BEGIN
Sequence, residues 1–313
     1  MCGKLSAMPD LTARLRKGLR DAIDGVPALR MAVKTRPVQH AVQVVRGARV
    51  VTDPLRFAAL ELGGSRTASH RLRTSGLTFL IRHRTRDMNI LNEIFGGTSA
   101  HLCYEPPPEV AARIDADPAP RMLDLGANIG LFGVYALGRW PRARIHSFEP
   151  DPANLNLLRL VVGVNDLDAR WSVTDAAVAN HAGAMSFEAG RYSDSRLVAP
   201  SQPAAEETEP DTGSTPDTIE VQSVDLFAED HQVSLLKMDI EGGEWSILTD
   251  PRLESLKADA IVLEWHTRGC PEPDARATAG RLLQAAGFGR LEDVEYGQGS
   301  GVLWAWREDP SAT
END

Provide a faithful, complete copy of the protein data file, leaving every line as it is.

Sequence, residues 1–313
     1  MCGKLSAMPD LTARLRKGLR DAIDGVPALR MAVKTRPVQH AVQVVRGARV
    51  VTDPLRFAAL ELGGSRTASH RLRTSGLTFL IRHRTRDMNI LNEIFGGTSA
   101  HLCYEPPPEV AARIDADPAP RMLDLGANIG LFGVYALGRW PRARIHSFEP
   151  DPANLNLLRL VVGVNDLDAR WSVTDAAVAN HAGAMSFEAG RYSDSRLVAP
   201  SQPAAEETEP DTGSTPDTIE VQSVDLFAED HQVSLLKMDI EGGEWSILTD
   251  PRLESLKADA IVLEWHTRGC PEPDARATAG RLLQAAGFGR LEDVEYGQGS
   301  GVLWAWREDP SAT